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“Markets closed, no work or money at home”: How the COVID-19 lockdown is affecting tea garden workers in West Bengal

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The COVID-19 pandemic has wreaked havoc across the globe in the past three months, causing over one lakh deaths worldwide so far, with over 19 lakh people being tested positive. In India, the number of affected cases is growing rapidly with over eleven thousand cases and three hundred fatalities. In response to this, on 23 March, at 8 pm the Indian prime minister Narendra Modi announced a nationwide lockdown for 21 days, leaving only four hours in the night to prepare for the same.

Daily wage labourers and migrant workers—themajority of whom belong to socially marginalized communities—and queer and trans* persons did not feature in Modi’s imagination while announcing the lockdown. While protecting the life and health of citizens who could afford the lockdown, the BJP-led government failed to make any preparations to uphold the right to life of its vulnerable and economically poor citizens.

The abruptness of the lockdown has pushed countless citizens to the margins. News and social media are flooded with the plight of working class citizens, especially migrant workers struggling to make ends meet. During this time, as a section of the Indian populace grapples with staying at home 24/7 and has the option to work from home; another section of the country is spending days without proper food, water and sanitation walking miles trying to reach the safety of their homes.

Historically, tea garden workers in West Bengal and Assam have been living in vulnerable conditions that include exploitative wages, inadequate water and sanitation facilities and poor investment in education and healthcare.

For the tea garden workers in Bengal and Assam—who are majorly Adivasis—the coronavirus pandemic and lockdown has unleashed an unprecedented threat to their life. Due to the abysmally low wages they’re paid, the tea garden workers in the two states do not have enough savings for basic sustenance during the lockdown period. Further to amplify their misery, the tea garden owners are not paying any wages during the lockdown period even though the West Bengal state government has issued an order with “memo. no. 63-CS/2020” asking them to pay workers their rightful wages.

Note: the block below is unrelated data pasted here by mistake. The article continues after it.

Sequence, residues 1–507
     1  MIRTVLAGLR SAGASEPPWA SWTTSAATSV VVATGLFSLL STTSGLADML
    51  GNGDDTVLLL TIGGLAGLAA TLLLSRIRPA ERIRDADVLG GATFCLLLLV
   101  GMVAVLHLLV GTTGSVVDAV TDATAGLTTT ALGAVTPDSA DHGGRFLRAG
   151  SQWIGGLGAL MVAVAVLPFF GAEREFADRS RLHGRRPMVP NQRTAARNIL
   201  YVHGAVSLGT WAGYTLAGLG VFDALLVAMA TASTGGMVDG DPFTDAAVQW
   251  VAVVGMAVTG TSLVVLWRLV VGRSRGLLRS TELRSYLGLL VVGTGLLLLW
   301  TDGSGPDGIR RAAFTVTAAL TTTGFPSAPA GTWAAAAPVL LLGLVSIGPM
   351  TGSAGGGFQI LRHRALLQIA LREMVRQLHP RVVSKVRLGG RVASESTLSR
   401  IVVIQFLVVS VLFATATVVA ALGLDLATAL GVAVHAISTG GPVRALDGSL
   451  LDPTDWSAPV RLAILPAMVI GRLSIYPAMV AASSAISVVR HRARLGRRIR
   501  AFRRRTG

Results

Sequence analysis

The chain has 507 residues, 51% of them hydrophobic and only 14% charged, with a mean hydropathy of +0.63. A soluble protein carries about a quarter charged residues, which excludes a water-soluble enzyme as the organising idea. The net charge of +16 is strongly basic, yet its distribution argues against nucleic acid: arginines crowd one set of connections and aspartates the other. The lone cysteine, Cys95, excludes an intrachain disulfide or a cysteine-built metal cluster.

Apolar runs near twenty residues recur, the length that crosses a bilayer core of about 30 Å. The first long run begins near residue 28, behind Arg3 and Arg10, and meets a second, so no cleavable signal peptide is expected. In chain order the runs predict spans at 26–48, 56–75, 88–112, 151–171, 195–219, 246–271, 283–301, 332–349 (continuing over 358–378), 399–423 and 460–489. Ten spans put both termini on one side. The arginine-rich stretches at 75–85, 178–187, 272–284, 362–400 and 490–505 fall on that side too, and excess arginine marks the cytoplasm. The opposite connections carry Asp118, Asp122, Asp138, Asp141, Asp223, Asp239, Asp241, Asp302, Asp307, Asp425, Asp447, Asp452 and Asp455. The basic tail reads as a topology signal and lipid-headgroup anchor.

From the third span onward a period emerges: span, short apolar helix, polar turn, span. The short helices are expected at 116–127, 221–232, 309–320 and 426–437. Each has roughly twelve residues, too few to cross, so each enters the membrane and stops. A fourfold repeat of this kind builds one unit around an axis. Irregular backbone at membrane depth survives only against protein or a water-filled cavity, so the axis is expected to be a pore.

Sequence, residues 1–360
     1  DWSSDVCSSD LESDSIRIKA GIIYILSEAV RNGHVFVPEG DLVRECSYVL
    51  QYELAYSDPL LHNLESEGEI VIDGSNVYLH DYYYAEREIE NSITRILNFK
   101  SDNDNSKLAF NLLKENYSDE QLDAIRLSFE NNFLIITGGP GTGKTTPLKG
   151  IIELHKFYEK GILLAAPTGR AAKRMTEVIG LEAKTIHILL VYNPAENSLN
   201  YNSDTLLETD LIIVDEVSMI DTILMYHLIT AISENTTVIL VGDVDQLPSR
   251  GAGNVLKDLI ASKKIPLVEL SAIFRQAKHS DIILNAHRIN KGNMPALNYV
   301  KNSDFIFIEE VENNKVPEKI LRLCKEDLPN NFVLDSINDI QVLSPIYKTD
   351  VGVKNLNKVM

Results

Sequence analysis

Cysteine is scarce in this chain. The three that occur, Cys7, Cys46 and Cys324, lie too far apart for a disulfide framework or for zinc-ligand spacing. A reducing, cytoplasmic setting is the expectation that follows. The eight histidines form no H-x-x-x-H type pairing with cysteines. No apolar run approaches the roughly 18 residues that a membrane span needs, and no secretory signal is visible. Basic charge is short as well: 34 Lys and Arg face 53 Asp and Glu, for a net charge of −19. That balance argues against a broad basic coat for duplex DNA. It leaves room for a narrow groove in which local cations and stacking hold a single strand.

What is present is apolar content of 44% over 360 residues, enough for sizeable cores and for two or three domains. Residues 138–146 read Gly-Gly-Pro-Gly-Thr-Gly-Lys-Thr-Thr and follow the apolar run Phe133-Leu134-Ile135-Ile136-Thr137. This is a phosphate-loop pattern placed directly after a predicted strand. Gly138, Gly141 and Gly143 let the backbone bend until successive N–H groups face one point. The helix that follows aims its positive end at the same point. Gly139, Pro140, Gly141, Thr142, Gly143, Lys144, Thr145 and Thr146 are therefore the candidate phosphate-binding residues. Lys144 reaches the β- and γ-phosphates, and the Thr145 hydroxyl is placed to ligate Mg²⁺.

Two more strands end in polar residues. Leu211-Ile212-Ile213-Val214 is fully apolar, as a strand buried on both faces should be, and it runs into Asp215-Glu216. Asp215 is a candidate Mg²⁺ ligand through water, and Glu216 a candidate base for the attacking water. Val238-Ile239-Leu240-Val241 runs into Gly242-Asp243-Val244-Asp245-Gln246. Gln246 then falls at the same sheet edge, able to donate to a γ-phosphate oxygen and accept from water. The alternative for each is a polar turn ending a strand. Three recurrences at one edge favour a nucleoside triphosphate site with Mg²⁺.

About 50 percent of West Bengal’s tea garden workforce comprises casual or temporary workers. Accordingly, the wages accrued during the lockdown period, if they are paid, will be only for the permanent workers. “The managers here have not paid wages to workers since 24 March. We are uncertain whether we will get our wages due during the lockdown period,” said Dipen Oraon of Chalouni tea garden, owned by the Godricke Company. He added “On 7 April, the management gave an advance payment of Rs 500 to permanent workers only, while casual workers were not paid anything. Now there is uncertainty whether anyone will receive the balance wages due during this lockdown period or not.”The Godricke Company owns 17 tea gardens in West Bengal and 11 tea gardens in Assam.

The situation is no different in other tea gardens in West Bengal, where estate owners have made workers’ lives even more miserable. “From our union we are demanding that the wages during the lockdown period should be paid in full to all the workers but the managers are saying that they have not received any written notice from the government regarding this,” Bijay Tirkey of Raidak tea garden told me. “Till now, in most of the tea gardens in West Bengal, including Raidak tea garden, the owners and managers have not paid any wages to the workers.”

Dayanand Oraon of Kumlai tea garden informed me, “In Kumlai we (workers) have not received our wages since 9 March, which was supposed to be paid on 28 March. Forget the lockdown, managers here have not paid us wages for the days we worked beforehand, this has further increased our difficulty.” He added that, “Now with the lockdown, we are not even sure whether we will get it or not. The managers and owners in most tea gardens are not following the state government’s order dated 29 March to pay the wages during the lockdown period.”

While the pandemic certainly requires social distancing and a planned lockdown, the survival of tea garden workers and other marginalized communities also necessitates the sharing of resources by individuals and companies who have historically looted and exploited Adivasi communities in tea gardens for generations.